Alanna Zabel defends Idaho roommate who saw masked man

Idaho College Killings

(NewsNation) — Alanna Zabel has a message for internet sleuths and true crime fans: You don’t know how’d you react until it happens to you.

As more details are released in the investigation into the killing of four University of Idaho students, many are asking why a surviving roommate, who said she heard noises and witnessed a masked man, didn’t alert police right away.

That revelation came by way of the probable cause affidavit that was released last week when suspect Bryan Kohberger appeared in court for the first time to face four charges of first-degree murder. A status hearing is set for Thursday.

In the affidavit, police say a roommate heard noises inside the house and opened her door to find a man “clad in black clothing and a mask” with bushy eyebrows. As the witness stood in a “frozen shock phase,” the man walked toward the back sliding glass door, and she locked herself in her room. She said she did not recognize him, according to the affidavit.

Experts have suggested the roommate, identified by police only as D.M., could have entered a “frozen” state of shock or, having consumed alcohol that night, fallen back asleep.

Zabel experienced a similar incident 30 years ago as a student at the University of Buffalo when she found her sorority sister nearly dead, soaked in blood from a brutal attack. She told the Daily Mail she, too, had a delayed response to the attack and spoke Monday on “CUOMO” to defend the Idaho roommate.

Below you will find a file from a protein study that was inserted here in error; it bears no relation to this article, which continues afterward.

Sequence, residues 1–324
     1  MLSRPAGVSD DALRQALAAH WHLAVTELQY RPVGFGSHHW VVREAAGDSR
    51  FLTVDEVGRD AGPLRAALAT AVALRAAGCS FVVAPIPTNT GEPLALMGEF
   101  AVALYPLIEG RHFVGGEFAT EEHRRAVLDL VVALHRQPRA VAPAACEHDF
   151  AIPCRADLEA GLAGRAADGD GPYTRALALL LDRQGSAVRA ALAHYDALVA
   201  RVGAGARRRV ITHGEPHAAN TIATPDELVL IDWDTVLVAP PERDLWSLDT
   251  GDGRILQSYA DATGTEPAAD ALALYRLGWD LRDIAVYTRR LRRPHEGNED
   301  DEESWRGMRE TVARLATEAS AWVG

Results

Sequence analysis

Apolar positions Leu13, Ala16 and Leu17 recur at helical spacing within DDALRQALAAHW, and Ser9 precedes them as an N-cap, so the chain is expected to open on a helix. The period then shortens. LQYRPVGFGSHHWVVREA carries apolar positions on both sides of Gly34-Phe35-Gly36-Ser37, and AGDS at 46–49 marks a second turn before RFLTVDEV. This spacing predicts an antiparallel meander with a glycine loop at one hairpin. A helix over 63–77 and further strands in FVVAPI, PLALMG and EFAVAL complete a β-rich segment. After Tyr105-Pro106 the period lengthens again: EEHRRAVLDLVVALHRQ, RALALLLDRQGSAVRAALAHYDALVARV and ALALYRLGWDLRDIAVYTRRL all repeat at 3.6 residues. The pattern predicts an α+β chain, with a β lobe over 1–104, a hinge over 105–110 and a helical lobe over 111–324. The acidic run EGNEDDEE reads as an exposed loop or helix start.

“Unless you’ve been in those shoes, you don’t know what it’s like,” Zabel said. “Not many people really get to experience something this horrific and (be in) this heightened state of fight or flight.”

Both Zabel and the Idaho roommate experienced the trauma when they were young and in college, which Zabel said could have been a contributing factor to the roommate’s actions that night.

“When you live with five people and let’s say the screen is out of place, you don’t think the worst. You just think, ‘Oh, who moved the screen?'” Zabel said. “When you’re in that total frozen state of not knowing the reality, you really want to lean that toward it not being something awful and horrific.”

Social media and the internet have buzzed with activity during the investigation as amateur sleuths tried to piece together the case. The speculation has spawned negative side effects for the victims’ families, survivors and innocent bystanders.

“It’s sad that in today’s age of social media, everyone just wants to tear her down and say, ‘Well, I would have done this’ or ‘I would have done that,'” Zabel said. “Just because you watch true crimes movies or just because you know how Lionel Messi should be acting on the playing field does not give you the right to tell someone what to do in a situation like this.”

Moving forward, Zabel hopes that people can stop judging the surviving roommates and give them the support they need to move on from the tragedy. She also offered insight into how she healed from her experience and how the surviving roommates might be able to, as well.

“I hope these girls can take this experience and try and shine light and do more good in this world, because we need more people that can have this experience and be able to turn it around and help other people,” Zabel said. “It’s not (your) fault, take no blame and do your best to help others because it’s not going to go away.”

Zabel told NewsNation’s “Banfield” on Tuesday night that she has reached out to the Idaho victims to offer her support.

“If they need anything I am absolutely here, however I can help,” Zabel said.

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